Farewell, Shirley Temple
The most successful child star of all time has died at the age of 85.
With all this longevity about the place, we find ourselves, most every week, lamenting the last representative of a long-distant era. But the death of Shirley Temple really does set one back. When Joan Fontaine died a few months ago, we noted that she had not been a player since the 1950s and we sombrely closed one more book. But, though she had an active after-life as a diplomat, Temple had not really figured since the Great Depression. Mickey Rooney, still with us at 93, is eight years older, but he turned up in a hit — The Muppets — as recently as 2011. It’s like hearing that F Scott Fitzgerald has passed.
Let’s not get too sentimental about Shirley. She was a formidable presence in the history of American film. Indeed, by some calculations, she was the biggest star of the 1930s. A decade later, she retired from movies as a decrepit 22-year-old. But, in truth, there aren’t too many of her films that you would willingly now sit through. Her best picture, John Ford’s Fort Apache, featured her in a supporting role towards the end of that brief first career. She once compared herself to Rin Tin Tin. That was a little unfair. She was a gifted juvenile actor. Rin Tin Tin was just some dog or other. There was, however, some smidgeon of insight to her self-deprecating quip. The dog and the girl were usually the victim of high-end stunt casting.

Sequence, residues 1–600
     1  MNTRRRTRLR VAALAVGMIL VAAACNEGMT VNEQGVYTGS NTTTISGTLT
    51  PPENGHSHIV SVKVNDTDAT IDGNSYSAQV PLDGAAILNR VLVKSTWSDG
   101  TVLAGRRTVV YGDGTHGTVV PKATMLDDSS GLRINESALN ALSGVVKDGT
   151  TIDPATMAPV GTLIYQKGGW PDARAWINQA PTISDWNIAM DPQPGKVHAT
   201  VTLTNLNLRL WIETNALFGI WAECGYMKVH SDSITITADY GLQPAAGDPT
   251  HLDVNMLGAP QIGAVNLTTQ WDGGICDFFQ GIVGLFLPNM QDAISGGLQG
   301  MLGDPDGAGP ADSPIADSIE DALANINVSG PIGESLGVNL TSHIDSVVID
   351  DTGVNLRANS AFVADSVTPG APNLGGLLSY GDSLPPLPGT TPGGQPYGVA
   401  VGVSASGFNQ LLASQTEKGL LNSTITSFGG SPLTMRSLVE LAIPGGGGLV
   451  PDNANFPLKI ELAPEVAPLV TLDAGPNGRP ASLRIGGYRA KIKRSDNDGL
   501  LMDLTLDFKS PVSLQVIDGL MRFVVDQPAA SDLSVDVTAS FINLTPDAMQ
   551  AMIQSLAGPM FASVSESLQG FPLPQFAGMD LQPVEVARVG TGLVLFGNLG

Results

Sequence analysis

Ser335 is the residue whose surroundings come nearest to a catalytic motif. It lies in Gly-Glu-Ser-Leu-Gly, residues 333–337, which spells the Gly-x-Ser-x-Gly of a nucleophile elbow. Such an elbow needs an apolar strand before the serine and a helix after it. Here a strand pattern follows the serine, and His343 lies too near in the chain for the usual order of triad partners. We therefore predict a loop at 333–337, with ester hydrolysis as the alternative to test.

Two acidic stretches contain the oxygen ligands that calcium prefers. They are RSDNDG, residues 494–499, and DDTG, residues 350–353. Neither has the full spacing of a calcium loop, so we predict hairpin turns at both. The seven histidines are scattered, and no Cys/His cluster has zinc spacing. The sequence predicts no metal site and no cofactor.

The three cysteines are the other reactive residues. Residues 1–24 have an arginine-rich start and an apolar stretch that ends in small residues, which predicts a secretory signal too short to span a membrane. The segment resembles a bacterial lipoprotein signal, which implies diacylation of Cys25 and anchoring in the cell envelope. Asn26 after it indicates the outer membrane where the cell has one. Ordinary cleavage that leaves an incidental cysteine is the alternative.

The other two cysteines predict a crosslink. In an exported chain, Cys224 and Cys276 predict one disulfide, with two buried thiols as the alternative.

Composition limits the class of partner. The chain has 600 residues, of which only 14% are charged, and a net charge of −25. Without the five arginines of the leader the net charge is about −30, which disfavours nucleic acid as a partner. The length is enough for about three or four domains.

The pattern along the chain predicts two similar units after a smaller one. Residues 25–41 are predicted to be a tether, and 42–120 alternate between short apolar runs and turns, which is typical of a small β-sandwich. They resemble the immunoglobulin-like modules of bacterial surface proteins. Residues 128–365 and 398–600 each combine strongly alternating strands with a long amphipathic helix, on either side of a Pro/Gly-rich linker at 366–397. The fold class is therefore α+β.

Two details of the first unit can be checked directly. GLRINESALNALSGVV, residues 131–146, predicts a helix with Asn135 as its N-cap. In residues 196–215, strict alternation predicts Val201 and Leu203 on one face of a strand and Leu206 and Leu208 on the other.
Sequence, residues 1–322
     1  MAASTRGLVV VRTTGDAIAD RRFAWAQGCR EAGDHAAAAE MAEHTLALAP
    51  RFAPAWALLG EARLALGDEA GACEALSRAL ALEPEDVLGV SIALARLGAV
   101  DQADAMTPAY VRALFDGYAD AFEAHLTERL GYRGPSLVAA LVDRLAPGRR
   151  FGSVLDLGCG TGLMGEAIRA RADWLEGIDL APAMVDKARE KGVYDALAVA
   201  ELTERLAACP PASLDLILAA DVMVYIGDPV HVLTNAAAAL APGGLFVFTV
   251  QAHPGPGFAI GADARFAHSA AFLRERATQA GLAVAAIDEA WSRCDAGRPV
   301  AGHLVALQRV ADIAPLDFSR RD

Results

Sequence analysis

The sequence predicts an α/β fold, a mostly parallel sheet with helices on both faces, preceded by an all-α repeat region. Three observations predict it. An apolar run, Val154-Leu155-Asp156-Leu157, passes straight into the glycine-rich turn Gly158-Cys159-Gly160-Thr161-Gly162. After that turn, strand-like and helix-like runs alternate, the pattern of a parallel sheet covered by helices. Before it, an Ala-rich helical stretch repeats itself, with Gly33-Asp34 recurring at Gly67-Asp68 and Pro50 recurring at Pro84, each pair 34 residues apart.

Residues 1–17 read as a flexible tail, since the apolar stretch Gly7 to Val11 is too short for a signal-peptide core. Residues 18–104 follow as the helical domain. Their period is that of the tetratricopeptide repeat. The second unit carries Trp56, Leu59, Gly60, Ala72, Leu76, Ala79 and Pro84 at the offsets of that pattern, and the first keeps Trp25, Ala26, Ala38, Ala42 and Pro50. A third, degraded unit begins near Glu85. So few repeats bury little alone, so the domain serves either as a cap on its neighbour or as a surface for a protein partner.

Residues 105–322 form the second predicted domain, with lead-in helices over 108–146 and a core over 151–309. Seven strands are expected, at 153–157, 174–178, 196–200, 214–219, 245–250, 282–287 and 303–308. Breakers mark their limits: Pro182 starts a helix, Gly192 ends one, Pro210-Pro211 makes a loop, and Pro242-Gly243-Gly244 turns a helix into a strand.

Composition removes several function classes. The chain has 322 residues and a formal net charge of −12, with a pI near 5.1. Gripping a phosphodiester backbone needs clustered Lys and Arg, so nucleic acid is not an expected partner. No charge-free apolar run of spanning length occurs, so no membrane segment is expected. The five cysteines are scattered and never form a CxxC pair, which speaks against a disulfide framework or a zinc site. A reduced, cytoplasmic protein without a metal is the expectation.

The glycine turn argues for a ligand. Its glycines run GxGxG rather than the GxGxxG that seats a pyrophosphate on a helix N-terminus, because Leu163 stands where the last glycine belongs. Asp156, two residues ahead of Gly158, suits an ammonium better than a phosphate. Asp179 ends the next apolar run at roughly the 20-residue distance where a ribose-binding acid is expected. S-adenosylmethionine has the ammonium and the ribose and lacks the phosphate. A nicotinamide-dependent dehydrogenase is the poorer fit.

Let’s stop being mean. Temple’s celebrity reminds us of how powerful and resonant Hollywood was in its golden years. For once, that old cliché about hard times triggering light-hearted art seems to make some sense. The great Busby Berkeley musicals filled cinemas with hectic, beautifully organised escapism. Temple’s films really did seem to remind impoverished cinemagoers that there might, eventually, be light at the of the Depression’s seemingly endless tunnel.
It’s also cheering to note that, unlike so many child stars, she didn’t slip into drink ‘n’ drugs hell when the camera turned away. We would, of course, have preferred if she’d turned to the Democrats rather than the Republicans. But to end her second career as US ambassador to Czechoslovakia during the Velvet Revolution is some sort of achievement. It seems unlikely that Macaulay Culkin or Lindsay Lohan will ever head in a similar direction.
Her death also reminds us of one fascinating “what if”. It is still often suggested — and equally often disputed — that Fox refused to loan her to MGM for the 1939 version of The Wizard of Oz. Would the film still have worked? Might she then have become a gay icon? How that have sat with the Republican Party? We’re wasting our time here. Go gently, Shirley.